The CMAA describes both Class C and Class D as suitable for "machine shop" environments. While Class C would be appropriate for many shops, Pelkola suggested that a Class D crane for Class C applications could prove more cost-effective in the long term because the larger and more durable components, such as axles, gears, gearboxes, motors, and wheels, can extend the crane's operational life and minimize maintenance requirements.
Dunville noted that with the increase in duty cycle comes an increase in price. Based on his company's installations, Dunville said the cost difference between a Class B maintenance crane used for the occasional pick and a Class F crane that works 24 hours per day—both of which have the same capacity and same spans—is about 10-fold.
What safety considerations need to be addressed with overhead cranes?
Marks offered up some very logical advice: "Never, ever, ever bring a load over someone's head."
That golden rule is part of a larger concern: Most companies don't spend the time and money to train crane operators properly. The thought is that the lowest-paid person on the shop floor—the material handler—doesn't need the benefit of training because the job function is a no-brainer. That piece of advice might work for the front office, but the people on the shop floor might have another opinion.
Ask a person operating a crane what the rated capacity is. Follow that up with a question about how much he is lifting at the moment. Correct answers for both reveal a very engaged employee. In all likelihood, the operator probably doesn't know the exact answers. Training can help them understand the importance of knowing what loads are safe and what loads are accidents waiting to happen.
Overload limit devices on a crane can kick in when an operator's bad judgment threatens co-workers, but one large loophole remains in crane safety.
"There is no requirement for overload protection on hoists," Dunville said. "They can throw the whole OSHA spec away and in one line do more for safety than what they are doing now with 137 pages."
To counteract that oversight, Dearborn Overhead Crane installs an overload circuit on large wire rope hoists. Dunville said it is good insurance against the possible legal problem of people overloading hoists. It's also a good safety move.
What needs to be addressed before a crane is installed?
Without question, a company needs to consider just what the crane will be moving, how often it will be used, and how it will be supported. But Pelkola posed some other important questions:
- What clearance—the distance from the floor to the lowest point in the building's ceiling—is required to lift the necessary loads? How high do you need the crane to lift?
What type of voltage rating is required?
Those questions become particularly important when a company begins to look at possible future needs. A crane may fit the bill for today, but come up short in the future (see Figure 3).
"Inevitably you are picking up something down the road that ends up being bigger than you anticipated," Dunville said.
That's why companies need to keep future load requirements in mind. Once a crane is installed and too little clearance exists between the bridge and the ceiling, a metal fabricator doesn't have much choice but to raise the roof if it wants that crane to be modified to pick up larger loads than it was originally designed for.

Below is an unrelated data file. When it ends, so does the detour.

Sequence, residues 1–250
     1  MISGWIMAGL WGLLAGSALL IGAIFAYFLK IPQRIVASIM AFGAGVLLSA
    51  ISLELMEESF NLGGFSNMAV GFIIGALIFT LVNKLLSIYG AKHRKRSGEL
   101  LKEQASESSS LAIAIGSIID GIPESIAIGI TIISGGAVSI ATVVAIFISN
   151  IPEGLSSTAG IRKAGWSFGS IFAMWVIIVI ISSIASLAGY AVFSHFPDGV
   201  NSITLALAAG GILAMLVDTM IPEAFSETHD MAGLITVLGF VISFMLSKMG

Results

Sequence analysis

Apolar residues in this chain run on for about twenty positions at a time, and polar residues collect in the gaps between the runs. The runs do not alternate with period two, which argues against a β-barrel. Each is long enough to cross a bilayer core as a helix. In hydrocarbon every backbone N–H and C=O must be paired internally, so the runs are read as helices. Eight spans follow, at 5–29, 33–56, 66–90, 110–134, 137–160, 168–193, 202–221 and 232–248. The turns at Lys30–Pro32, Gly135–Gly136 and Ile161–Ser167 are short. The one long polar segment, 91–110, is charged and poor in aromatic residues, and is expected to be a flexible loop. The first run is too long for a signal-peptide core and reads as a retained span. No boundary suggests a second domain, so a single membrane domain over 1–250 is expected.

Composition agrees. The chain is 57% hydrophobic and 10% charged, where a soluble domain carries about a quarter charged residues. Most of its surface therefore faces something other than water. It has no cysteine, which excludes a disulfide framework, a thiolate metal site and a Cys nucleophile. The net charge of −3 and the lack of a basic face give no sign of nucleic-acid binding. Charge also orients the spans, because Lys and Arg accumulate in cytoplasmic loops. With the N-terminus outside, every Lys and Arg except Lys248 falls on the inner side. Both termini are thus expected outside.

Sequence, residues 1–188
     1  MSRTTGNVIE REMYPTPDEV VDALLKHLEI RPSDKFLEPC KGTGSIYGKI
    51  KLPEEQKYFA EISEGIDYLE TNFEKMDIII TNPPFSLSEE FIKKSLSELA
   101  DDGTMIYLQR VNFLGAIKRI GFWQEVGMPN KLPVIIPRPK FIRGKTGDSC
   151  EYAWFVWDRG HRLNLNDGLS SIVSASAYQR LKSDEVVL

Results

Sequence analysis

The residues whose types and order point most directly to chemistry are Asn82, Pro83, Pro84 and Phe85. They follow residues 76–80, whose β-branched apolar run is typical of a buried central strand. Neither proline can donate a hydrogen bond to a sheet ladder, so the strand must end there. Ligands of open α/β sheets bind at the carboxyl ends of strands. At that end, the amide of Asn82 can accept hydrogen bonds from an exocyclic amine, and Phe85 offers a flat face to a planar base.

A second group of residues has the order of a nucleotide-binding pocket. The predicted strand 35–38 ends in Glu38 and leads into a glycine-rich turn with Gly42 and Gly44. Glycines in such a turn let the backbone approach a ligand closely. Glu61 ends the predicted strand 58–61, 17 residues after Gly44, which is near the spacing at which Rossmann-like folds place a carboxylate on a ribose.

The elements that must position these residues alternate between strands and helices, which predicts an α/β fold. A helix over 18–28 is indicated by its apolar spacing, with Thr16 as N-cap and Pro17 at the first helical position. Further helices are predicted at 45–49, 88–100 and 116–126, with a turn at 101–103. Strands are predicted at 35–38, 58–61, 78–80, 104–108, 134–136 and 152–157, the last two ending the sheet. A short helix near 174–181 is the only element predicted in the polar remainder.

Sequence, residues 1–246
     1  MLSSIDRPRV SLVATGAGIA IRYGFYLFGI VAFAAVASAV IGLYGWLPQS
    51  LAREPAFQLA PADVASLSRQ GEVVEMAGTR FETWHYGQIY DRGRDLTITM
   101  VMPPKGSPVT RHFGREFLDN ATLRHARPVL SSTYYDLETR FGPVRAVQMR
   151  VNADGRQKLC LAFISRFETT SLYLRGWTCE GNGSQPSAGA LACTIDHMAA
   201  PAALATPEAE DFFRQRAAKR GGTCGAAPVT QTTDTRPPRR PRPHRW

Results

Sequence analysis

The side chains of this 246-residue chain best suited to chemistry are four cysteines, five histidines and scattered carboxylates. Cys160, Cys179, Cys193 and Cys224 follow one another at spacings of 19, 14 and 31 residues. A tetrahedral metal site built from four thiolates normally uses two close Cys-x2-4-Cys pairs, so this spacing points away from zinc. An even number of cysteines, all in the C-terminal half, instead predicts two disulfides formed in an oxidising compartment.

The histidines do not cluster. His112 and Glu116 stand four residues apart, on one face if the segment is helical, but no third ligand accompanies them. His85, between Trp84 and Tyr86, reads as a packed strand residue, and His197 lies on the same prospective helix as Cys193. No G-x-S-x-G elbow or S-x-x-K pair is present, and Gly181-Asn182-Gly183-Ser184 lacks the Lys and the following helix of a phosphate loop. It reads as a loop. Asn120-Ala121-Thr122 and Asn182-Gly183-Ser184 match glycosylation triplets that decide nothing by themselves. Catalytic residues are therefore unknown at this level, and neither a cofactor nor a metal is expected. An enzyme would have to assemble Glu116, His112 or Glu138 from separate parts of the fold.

Can old cranes be modernized?
One thing is sure about older overhead cranes: The manufacturers didn't skimp on the steel. The bones that were suitable for the job 50 years ago are likely good enough for today.
The components, on the other hand, need to be replaced—end trucks, wheels, drives, motors, hoists, and electrical controls. A good modernization effort also will cover repainting, rewiring, and any needed repairs.
Modernization also provides an opportunity to upgrade the crane operations with new technological advancements.
The addition of variable-frequency drives for better speed control of the crane is a popular upgrade. The modern drive technology allows the operator to control acceleration and deceleration, rather than just getting one speed, with the single push of a button. Pelkola said that this reduces the need for crane maintenance because components are not exposed to severe impact normally seen with outdated controls. Also, because the variable-frequency drives do not allow the operator to reverse plug or jog the crane, parts such as brakes, bearings, and drive trains last longer.
Marks said radio remote controls are also a wise upgrade. An operator does not have to be close to the crane to operate it, with some control systems able to function within a range of a couple hundred feet from the crane.
Handle With Care
Hopefully you have picked up some knowledge about the overhead crane in your shop or the one you might be thinking about purchasing. This information doesn't make you an expert, but it can help you become more informed on the subject, which is always important, particularly on large jobs.
Dunville said Dearborn Overhead Crane once had a customer that placed an order for two 500-ton cranes, a $1 million order. One might figure the order was very detailed, as this manufacturer of large stamping presses was working with some huge metal components. Not so. Dunville said the spec for the order was just one paragraph long.
After reading this, you shouldn't have any problem being verbose about your own material handling goals as they relate to cranes.
The FABRICATOR is North America's leading magazine for the metal forming and fabricating industry. The magazine delivers the news, technical articles, and case histories that enable fabricators to do their jobs more efficiently. The FABRICATOR has served the industry since 1971.